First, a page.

Posted in 1920s, Historical fiction, Katya Chernomyrdina, Lebedeva sisters, Naina, Russian novel sequel, Secondary characters, Writing

Unexpected Reunion at Church

This was originally one of a batch of twenty posts I put together on 24 June 2012, as future installments of the now-permanently shelved Sweet Saturday Samples hop. It differs slightly from the published version in The Twelfth Time. E.g., I no longer pedantically use accent marks, and the infodumpy dialogue has been cleaned up quite a bit.

***

For the remainder of the service, they walk around looking at the paintings and ikons, feeling slightly embarrassed they don’t remember enough to know who most of these saints are or what many of the scenes depict. They can’t even figure out the Old Church Slavonic script on most of the paintings. If their reaction time is quick enough, they copy the congregation when they see people kneeling or crossing themselves. At least they remember the correct way to cross oneself and don’t do it backwards like the Catholics. They remember Zofia crossing herself sometimes, and she always did it in the opposite direction from the way they were taught.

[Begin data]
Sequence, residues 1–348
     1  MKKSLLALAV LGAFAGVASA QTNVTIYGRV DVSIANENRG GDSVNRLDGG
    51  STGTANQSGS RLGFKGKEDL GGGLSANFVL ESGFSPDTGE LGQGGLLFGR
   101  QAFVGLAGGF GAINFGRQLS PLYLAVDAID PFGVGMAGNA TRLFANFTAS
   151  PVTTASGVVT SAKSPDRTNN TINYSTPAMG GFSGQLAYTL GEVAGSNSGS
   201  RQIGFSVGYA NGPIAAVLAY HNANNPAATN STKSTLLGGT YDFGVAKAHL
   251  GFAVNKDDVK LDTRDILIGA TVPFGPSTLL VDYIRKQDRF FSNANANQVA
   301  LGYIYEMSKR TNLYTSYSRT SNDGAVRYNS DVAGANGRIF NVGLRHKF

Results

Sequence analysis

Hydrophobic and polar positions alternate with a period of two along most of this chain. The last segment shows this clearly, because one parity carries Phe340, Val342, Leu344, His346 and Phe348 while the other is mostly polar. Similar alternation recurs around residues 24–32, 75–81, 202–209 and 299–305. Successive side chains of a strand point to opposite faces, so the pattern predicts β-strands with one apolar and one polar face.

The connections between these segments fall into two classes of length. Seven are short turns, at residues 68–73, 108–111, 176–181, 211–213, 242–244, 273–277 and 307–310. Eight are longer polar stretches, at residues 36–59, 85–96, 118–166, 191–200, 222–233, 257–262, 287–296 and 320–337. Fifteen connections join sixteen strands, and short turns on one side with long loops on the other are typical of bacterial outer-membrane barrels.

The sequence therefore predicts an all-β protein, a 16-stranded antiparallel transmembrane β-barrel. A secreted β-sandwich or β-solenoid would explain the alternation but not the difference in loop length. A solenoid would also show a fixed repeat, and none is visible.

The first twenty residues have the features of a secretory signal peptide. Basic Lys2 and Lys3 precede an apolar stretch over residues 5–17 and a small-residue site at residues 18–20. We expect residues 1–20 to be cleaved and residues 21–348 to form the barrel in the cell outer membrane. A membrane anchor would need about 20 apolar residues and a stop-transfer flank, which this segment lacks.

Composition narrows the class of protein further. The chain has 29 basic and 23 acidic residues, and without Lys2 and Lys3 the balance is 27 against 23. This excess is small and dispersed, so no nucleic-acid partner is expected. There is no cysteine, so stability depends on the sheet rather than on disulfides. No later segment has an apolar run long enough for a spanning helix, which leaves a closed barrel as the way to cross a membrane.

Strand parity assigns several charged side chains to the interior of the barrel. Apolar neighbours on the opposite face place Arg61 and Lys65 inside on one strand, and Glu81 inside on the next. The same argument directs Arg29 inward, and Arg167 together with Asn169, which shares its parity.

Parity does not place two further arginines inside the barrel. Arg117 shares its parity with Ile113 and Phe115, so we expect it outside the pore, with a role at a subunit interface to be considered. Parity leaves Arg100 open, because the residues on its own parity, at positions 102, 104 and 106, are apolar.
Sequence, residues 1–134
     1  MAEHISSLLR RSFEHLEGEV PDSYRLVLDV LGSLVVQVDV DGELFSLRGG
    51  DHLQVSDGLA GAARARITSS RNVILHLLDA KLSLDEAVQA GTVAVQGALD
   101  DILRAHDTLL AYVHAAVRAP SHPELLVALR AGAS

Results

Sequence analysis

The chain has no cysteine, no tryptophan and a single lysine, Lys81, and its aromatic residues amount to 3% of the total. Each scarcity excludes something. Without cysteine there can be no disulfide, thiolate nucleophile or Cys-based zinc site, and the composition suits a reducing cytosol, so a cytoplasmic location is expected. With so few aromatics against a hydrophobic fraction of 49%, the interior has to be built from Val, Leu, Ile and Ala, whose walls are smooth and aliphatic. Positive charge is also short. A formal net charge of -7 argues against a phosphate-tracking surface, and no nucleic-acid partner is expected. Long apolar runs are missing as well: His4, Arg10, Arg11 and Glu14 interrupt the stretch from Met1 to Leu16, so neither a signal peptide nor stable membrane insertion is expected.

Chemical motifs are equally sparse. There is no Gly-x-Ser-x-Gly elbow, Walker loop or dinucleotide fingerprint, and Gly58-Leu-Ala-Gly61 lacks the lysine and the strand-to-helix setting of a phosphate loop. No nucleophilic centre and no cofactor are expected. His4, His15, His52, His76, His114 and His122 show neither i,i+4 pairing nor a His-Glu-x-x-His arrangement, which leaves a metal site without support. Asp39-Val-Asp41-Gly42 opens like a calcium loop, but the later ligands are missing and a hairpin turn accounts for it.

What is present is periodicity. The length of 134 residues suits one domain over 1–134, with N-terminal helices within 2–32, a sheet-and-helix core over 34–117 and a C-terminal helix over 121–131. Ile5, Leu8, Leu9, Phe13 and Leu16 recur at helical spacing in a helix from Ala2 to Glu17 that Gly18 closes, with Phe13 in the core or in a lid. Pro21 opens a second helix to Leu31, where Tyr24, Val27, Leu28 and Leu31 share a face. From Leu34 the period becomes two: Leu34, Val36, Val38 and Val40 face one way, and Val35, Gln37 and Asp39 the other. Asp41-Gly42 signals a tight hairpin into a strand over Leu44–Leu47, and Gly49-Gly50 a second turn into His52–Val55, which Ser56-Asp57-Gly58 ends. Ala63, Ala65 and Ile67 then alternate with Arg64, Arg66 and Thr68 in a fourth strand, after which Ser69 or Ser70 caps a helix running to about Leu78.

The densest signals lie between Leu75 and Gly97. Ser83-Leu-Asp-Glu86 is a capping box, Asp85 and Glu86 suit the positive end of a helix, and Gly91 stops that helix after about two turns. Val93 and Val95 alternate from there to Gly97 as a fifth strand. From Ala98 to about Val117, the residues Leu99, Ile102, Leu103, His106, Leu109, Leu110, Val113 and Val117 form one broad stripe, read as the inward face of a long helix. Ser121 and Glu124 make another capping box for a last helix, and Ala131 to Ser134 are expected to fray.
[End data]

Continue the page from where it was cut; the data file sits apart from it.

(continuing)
After services, while most of the people are standing around socializing, they notice a very pretty young woman in a wheelchair, her leg elevated and in some type of metal brace, thick gauze wrapped around the flesh inside the confines of the brace. A handsome man with very light brown hair stands on one side of her, and a woman with green eyes and the same russet hair stands on the other side. The woman in the wheelchair looks vaguely familiar to them.

“What happened to you?” Naína asks.